Experts Are Hoping to Bring Medical Psychedelics in the Mainstream

September 5th 2017

Kyle Jaeger

California voters may have the chance to vote on a measure that would legalize "magic" mushrooms next year. It's a long-shot—but activists backing the measure argue that access to the psychedelic could prove beneficial for people suffering from stubborn psychological issues.


Findings about the therapeutic potential of psilocybin (the main ingredient in psychedelic mushrooms), LSD, ayahuasca, and other hallucinogens is compelling. There's clinical evidence that these drugs, which are strictly prohibited under federal law, could treat various psychological conditions that are resistant to traditional pharmaceuticals.

Because psychedelics are designated Schedule 1 drugs—the strictest category under federal law—access to the substances is limited and tightly regulated for researchers. But like marijuana, the primary obstacle when it comes to studying these drugs is funding. The traditional funding vehicle for medical research in the U.S. is the National Institutes of Health, which has shown little interest in investing in psychedelics research. So it remains up to the private sector to fund clinical trials that could uncover more about the medical potential of psychedelics. 

Dr. Charles Grob, a professor of psychiatry and biobehavioral sciences at UCLA, has led numerous studies looking at possible medical applications of psychedelics. While he's skeptical about regulating sales of magic mushrooms similar to cannabis in legal states, he's hopeful there will come a day when trained clinicians will be able to administer psychedelics to patients suffering from problems ranging from obsessive compulsive disorder (OCD) to substance abuse.

ATTN: spoke to Grob about his thoughts about the future of psychedelics in medicine.

ATTN: What has accounted for society's resistance to embracing research into psychedelics?

Charles Grob: I think that society is doing a lot better in recent years. For the most part, our work and the work of our colleagues has been well-received and fairly examined. The atmosphere for this research is much better than it was decades ago, back in the 60s.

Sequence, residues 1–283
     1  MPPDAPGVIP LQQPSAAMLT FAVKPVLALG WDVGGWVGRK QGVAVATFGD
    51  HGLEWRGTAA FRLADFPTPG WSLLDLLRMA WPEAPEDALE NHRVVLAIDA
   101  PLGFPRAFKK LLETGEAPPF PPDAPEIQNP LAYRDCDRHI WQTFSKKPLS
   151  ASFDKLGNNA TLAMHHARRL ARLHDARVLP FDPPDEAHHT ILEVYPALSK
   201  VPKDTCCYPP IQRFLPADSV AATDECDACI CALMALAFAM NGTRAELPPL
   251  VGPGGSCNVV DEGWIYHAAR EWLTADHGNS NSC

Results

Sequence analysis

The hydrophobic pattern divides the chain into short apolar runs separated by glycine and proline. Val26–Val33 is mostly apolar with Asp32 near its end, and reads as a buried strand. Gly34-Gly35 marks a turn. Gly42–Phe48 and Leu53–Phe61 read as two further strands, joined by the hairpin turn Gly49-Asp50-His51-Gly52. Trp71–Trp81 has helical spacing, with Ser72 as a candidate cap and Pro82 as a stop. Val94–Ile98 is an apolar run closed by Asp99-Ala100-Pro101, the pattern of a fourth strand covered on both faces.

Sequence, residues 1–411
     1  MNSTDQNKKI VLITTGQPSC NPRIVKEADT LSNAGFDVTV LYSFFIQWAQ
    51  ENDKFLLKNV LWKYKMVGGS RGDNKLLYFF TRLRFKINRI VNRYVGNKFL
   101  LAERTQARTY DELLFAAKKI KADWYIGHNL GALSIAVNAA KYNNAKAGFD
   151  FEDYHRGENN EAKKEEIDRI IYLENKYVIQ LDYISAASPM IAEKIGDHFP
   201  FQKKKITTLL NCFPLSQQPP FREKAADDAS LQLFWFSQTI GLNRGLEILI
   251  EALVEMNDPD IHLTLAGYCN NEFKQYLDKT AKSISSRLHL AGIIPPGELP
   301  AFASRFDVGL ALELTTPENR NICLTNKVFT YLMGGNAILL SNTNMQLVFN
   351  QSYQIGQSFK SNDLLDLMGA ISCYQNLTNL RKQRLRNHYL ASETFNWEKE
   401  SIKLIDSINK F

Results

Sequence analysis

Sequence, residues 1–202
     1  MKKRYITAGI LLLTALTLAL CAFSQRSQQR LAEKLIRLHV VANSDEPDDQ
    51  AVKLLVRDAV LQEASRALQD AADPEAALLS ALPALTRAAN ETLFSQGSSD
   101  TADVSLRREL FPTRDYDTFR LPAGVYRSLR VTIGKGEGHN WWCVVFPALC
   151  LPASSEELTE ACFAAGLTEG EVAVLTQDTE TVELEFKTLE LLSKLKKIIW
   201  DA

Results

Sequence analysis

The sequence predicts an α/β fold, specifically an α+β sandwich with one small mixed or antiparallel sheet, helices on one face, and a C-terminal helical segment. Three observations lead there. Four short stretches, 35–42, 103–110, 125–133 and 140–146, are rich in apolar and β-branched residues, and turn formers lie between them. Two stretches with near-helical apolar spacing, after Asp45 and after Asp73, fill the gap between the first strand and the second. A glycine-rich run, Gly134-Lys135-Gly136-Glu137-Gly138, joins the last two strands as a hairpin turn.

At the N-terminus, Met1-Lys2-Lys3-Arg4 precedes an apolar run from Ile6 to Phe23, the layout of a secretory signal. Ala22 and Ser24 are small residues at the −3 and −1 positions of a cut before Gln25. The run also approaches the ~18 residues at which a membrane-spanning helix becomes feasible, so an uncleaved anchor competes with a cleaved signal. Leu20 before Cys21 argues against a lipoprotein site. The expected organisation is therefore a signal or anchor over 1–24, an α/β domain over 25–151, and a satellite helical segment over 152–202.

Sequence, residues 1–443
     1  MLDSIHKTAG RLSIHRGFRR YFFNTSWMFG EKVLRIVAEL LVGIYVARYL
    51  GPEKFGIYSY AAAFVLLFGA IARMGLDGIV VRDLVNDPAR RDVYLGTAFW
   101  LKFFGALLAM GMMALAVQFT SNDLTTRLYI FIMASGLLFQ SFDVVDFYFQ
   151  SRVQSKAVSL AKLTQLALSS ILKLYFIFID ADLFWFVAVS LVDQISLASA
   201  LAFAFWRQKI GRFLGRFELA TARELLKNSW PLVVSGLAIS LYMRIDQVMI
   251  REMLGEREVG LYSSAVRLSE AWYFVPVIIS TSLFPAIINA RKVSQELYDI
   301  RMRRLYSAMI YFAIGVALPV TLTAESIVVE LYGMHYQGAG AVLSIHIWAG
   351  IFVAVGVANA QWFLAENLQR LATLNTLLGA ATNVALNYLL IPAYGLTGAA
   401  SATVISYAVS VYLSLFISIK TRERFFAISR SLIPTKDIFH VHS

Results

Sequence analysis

Back in the 60s, there was a great deal of cultural turmoil. Drugs like psilocybin and LSD were identified with the so-called counterculture, and it was a time of very active political strife and a lot of disharmony within society. Matters have improved a great deal, and I think it's possible now to step back and take an objective examination of the relative benefits versus the relative risks of psychedelic compounds—particularly when used in a treatment context.

Now I should qualify everything I'm saying is really in regards to its use in treatment as an approved treatment model—approved by the regulatory agencies like the [Food and Drug Administration] and [Institutional Review Boards] and administered by trained clinicians, psychiatrists, or clinical psychologists. I'm not necessarily talking about more out-of-control reckless use in a recreational context. I'm focusing on potential utilization as a treatment model.

ATTN: Do you see a day in the near future where psychiatrists will be empowered to integrate psychedelics into mainstream treatment?

CG: I don't think that you'll ever see a situation where any psychiatrist can treat with this compound. I think what you might see—what I would hope—would be that psychiatrists and psychologists and other mental health professionals can get credentialed to administer this treatment, probably as part of a treatment team.

ATTN: How far off are we until that day, in your estimation?

CG: There now needs to be a larger, multi-site trial [for psilocybin treatment]—which is called a phase three trial—where many different treatment research sites around the country are working together using the same protocol, the same criteria for entry, inclusion/exclusion, preparation, actual treatment, integration, and with the same measures used to quantify what the effect was.